This chapter uses the model described in Chapter Three to assess the effects of various packages of public policies when the investor uses 100-percent equity financing. Figure 4.1 presents baseline findings on which we will build through the remainder of this chapter. We will use the format in this figure repeatedly as we consider variations on this baseline. The figure shows real private after-tax IRR on the horizontal axis and real government NPV on the vertical axis. Dashed axes at a private after-tax IRR of 10 percent and a government NPV of zero offer benchmarks the reader can use to...

  13. CHAPTER FIVE Policy Effects with Debt Financing
    (pp. 33-42)

    The potential for using debt financing affects our analysis in two ways. First, for any particular set of policy instruments, it immediately leads to the potential for higher levels of real private IRR at any level of real government NPV—for policies with lower CRIOP levels. Second, it opens the door for government-provided loan guarantees for any loans an investor uses. We consider each effect in turn and then examine their combined effect on the outcomes associated with other policy instruments available to the government.

    This chapter starts by showing how IRR rises when debt share increases. It then presents...

  14. CHAPTER SIX Implications for Robust Financial-Incentive Packages
    (pp. 43-50)

    Using the spreadsheet underlying the cash-flow results described in Chapter Five, we can scan the outcomes associated with that range of average oil prices and ask how various financial-incentive packages affect private IRR and government NPV in two cases. In case A, project costs match the reference case, and CO2management imposes no costs other than those already assumed—namely, the costs for compression and dehydration of captured CO2. In case B, project costs match the high-price case, and CO2costs $10 per ton to transport and sequester. Scanning these packages reveals a small number of packages that place private...

  15. CHAPTER SEVEN Can Formal Source Selection Help the Government Create an Integrated Policy?
    (pp. 51-52)

    The discussion in Chapter Two (quite deliberately) examines the policy instruments that the government might use to induce private participation in a project in terms of language normally used to discuss the design of voluntary agreements. The principles in Chapter Two spring from historical experience with voluntary agreements that have successfully survived the test of time in competitive environments. These principles promote the use of various policy instruments in designing voluntary agreements. Each agreement uses a different set of instruments to reflect the specific characteristics and mutual interests of the parties to the agreement. Agreements between the government and potential...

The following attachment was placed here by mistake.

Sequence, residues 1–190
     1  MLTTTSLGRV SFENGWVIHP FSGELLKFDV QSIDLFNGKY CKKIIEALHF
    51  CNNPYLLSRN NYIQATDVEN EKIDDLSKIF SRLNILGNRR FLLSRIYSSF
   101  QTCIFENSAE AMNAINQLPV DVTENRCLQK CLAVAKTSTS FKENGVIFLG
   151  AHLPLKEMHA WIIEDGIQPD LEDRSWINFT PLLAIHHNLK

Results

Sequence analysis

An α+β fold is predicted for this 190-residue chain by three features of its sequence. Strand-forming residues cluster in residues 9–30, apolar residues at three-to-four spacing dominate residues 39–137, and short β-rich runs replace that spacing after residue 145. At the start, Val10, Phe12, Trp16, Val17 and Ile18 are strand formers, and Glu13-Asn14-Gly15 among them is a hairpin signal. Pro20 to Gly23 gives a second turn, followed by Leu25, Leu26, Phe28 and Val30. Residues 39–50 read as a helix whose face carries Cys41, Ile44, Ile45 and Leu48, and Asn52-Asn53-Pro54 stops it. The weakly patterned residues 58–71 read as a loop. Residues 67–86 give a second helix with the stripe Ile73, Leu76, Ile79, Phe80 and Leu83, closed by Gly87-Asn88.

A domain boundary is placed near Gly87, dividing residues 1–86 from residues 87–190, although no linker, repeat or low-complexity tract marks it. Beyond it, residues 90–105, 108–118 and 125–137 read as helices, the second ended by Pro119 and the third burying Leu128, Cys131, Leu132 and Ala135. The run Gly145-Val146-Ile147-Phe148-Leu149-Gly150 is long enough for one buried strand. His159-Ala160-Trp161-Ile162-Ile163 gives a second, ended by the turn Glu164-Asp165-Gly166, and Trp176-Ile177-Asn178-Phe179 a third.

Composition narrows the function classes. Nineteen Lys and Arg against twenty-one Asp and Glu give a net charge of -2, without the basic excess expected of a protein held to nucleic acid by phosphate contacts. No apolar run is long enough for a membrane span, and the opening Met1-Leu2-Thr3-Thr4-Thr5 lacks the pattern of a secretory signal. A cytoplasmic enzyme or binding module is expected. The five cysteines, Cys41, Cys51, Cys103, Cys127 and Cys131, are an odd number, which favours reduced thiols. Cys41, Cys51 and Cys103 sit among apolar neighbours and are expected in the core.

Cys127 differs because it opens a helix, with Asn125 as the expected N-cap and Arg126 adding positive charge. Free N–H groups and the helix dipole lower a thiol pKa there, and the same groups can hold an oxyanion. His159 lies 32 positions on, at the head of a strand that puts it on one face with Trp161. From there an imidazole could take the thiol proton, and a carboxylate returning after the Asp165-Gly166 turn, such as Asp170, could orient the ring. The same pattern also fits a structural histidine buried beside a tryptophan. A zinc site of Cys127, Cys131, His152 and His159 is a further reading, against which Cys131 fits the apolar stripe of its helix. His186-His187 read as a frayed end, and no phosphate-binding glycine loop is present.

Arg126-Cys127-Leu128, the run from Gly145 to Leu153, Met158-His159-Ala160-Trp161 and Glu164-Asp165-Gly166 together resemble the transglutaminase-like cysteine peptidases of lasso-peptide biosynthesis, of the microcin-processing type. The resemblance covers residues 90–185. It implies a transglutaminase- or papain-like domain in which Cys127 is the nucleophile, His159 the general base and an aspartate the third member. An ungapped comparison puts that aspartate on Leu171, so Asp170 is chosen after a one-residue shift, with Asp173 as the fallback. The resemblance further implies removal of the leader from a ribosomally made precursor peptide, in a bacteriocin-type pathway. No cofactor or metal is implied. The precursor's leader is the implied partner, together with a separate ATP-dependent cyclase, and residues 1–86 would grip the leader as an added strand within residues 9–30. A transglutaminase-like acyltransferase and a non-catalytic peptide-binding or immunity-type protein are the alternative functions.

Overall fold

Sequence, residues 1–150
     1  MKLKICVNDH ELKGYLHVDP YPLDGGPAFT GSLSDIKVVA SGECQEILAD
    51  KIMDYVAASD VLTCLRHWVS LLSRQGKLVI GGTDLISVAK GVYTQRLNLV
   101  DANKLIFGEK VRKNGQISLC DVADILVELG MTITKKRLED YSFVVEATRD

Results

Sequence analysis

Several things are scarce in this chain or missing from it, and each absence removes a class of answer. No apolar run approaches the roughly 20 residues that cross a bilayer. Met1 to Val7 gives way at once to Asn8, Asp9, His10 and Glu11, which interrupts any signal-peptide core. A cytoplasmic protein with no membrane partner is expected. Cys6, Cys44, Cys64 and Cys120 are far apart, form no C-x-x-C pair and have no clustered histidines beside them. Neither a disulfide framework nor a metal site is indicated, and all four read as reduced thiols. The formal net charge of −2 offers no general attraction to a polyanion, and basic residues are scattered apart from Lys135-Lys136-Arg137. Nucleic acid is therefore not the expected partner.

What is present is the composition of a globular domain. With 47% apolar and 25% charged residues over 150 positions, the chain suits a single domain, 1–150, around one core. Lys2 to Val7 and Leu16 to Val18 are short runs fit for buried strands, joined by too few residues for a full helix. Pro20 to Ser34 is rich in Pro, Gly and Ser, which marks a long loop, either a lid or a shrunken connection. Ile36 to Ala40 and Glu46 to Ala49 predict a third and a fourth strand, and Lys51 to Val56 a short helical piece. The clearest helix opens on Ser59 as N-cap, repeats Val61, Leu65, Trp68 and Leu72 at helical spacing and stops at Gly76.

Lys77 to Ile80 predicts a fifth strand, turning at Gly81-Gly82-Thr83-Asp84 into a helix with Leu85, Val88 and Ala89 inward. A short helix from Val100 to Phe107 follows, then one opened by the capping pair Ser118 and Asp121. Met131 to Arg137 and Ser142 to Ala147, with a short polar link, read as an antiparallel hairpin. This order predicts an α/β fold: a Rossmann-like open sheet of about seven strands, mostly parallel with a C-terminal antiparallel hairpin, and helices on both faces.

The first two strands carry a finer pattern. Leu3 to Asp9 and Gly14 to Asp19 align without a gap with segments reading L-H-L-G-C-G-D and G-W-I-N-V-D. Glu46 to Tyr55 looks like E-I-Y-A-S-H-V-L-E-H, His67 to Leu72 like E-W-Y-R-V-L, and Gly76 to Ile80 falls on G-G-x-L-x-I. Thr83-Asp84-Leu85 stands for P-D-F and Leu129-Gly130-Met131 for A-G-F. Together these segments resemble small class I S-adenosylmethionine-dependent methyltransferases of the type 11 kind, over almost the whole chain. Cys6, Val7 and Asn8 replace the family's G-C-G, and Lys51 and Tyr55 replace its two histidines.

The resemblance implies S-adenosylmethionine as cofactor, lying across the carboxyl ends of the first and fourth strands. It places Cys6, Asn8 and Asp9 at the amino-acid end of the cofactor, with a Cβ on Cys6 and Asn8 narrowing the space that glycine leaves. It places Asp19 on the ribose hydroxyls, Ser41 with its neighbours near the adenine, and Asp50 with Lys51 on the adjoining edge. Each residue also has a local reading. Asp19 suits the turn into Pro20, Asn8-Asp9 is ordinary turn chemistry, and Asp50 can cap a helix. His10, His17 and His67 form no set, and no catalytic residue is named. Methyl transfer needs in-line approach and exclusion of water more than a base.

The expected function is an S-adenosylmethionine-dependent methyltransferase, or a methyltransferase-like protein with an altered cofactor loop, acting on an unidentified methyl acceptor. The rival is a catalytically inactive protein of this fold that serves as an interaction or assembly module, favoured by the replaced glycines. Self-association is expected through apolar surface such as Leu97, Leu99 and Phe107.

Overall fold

16. CHAPTER EIGHT Conclusions
    (pp. 53-54)

    This technical report is based on the assumption that the government, as a principal, seeks to induce a private investor, as an agent, to build and operate an unconventional-oil production plant to promote early production experience with such plants. Given this goal, facing significant uncertainty about the future, the government wants to limit the cost to the public treasury of doing this. This report offers an analytic way to design a package of policy instruments that the government can use to achieve its goal.

    It starts with general principles of the economic theories of contracting and agency. These remind us...

  17. APPENDIX A Structure of the Spreadsheet Analysis That Implements the Cash-Flow Model
    (pp. 55-64)
  18. APPENDIX B How Debt and Loan Guarantees Affect Investors and the Government
    (pp. 65-74)
  19. References
    (pp. 75-78)